Farmers Market turns 75

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Two-fisted eating at Bennett’s Ice Cream. (Actually, he was holding the second cone for his mom while she pays.)

You’ve all been to the Farmers Market in L.A., right? Third and Fairfax? I certainly hope so, since you’ve had 75 years, as of today, to get there.

Yep, the Farmers Market opened on July 14, 1934, when 18 vendors parked their trucks on a large vacant lot that had been a dairy farm and an oil field. The market became a popular place and food stands sprouted, eventually rendering the farm part a rather small aspect compared to the international food offerings.

Today the market is somewhat overshadowed by the Grove shopping center next door, and I miss the days you could park for free on the acres of free asphalt. That was too good a deal to last, but at least the market survives. And the incursion of chains seems to have stopped at Johnny Rockets, Starbucks and Pinkberry.

Hearing about the anniversary — activities are planned today and Thursday; read more at www.farmersmarketla.com – I went to the market on Saturday with a friend. Busy as ever, it remains one of the great crossroads of L.A.

We split an oyster and shrimp po’boy from Gumbo Pot and a shrimp cocktail from Tusquella’s and got ice cream cones at Bennett’s. We also ogled the vintage toys at Shine Gallery, the imported and specialty groceries at Monsieur Marcel’s and the hot sauces at, well, whatever the hot sauce place is called. Oh, to have gone to Bob’s Doughnuts, Patsy’s Pizza, Bryan’s Barbecue, Singapore’s Banana Leaf and any number of other delectable eateries.

Do you have a favorite Farmers Market routine or memory?

* The LA Times wrote a long, very good feature on the Market.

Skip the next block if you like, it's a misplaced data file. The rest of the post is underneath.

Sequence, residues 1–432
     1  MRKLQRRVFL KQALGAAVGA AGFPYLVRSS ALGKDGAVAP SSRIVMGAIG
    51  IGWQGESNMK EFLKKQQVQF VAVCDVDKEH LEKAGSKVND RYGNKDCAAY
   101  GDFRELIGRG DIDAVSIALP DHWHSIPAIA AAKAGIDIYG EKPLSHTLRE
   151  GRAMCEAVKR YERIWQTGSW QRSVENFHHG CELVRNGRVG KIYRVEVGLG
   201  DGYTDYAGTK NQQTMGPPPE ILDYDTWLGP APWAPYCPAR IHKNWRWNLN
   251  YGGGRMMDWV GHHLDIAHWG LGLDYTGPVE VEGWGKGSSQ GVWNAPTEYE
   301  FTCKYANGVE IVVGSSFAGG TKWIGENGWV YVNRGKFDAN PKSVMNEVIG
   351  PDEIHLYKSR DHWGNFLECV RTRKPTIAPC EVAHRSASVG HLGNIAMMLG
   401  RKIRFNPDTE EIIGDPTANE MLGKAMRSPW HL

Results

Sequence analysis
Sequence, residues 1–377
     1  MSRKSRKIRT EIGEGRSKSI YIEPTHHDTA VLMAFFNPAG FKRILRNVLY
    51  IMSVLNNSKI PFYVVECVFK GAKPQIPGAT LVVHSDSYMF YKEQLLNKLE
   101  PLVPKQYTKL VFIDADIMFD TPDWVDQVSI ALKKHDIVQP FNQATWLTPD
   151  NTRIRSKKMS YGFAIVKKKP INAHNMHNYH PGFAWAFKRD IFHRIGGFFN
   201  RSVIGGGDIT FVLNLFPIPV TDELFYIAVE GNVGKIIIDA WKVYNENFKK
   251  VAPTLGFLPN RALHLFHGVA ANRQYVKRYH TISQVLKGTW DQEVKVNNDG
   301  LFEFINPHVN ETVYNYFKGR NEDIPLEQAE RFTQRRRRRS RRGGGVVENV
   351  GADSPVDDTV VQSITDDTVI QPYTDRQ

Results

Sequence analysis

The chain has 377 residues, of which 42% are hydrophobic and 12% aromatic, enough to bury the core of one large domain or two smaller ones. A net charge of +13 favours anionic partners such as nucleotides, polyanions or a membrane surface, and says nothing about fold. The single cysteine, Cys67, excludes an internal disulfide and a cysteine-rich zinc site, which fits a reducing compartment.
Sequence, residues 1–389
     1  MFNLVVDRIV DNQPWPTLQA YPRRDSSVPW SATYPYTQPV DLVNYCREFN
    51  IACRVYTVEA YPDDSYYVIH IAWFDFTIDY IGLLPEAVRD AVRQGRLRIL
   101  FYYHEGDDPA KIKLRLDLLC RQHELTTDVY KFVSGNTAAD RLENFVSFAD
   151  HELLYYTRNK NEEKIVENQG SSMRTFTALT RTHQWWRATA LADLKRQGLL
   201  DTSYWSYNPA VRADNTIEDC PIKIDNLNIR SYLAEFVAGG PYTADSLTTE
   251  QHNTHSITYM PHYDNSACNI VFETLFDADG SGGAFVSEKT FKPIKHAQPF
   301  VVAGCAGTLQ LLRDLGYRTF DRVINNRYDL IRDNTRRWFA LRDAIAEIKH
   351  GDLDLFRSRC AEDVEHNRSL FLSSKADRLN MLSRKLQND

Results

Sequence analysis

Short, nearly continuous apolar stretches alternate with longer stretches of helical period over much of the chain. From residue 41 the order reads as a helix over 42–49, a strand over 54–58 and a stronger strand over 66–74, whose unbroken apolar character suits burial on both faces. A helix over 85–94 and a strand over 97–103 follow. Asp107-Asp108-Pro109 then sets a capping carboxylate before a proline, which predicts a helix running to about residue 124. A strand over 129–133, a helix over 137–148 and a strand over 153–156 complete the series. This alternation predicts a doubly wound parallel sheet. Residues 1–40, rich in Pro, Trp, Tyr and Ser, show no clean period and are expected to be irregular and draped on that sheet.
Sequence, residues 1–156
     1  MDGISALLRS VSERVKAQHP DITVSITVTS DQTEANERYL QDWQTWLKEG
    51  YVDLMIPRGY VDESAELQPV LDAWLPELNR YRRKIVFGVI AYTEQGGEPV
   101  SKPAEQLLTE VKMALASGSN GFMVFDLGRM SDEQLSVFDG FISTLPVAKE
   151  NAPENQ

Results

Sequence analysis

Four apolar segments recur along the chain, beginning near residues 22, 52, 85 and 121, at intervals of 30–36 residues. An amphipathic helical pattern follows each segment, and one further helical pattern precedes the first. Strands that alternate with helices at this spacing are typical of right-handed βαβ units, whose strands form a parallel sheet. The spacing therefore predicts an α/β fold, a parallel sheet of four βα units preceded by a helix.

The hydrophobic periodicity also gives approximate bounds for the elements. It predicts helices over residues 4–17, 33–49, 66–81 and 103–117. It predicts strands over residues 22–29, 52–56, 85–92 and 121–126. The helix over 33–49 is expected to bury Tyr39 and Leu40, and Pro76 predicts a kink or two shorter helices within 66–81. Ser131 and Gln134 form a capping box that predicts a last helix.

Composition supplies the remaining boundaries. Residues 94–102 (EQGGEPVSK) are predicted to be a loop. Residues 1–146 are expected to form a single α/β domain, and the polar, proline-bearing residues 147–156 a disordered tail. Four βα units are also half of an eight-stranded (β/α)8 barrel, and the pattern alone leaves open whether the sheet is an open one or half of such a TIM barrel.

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  • Shirley Wofford

    David, I think it is hard to believe, as long I have lived in CA, but until about four years ago, I had never been to the Farmers Market.

    I went with a couple neighbors by Metrolink, and I would like to go again. One visit was not long enough to take everything in.

    It was Christmas season, and there was a lot of Merry going on with the trolley rides, decorations and music, etc. The Grove was fairly new, and we ate at the Cheesecake Factory. In retrospect, I wish we had eaten at one of the many food stands at the FM.

    It is very easy to go to the FM by public transportation if one, like me, does not like to drive the freeways. Board the Red Line subway at Union Station and travel to Wilshire and Western, which is the end of the line traveling in that direction. Then, board an MTA Rapid Bus [Route 720 -- DA] going west on Wilshire. The Rapid bus is better than the regular MTA buses because they have a transponder which allows them to go right through the red lights. Get off the Rapid Bus at Fairfax.

    If one wants to walk to Fairfax and Third, it takes about 20 minutes — or you can board another MTA bus at that corner, going north to the Farmers Market, which gets to the FM in about five minutes. [The Rapid bus 780 makes that trip. -- DA]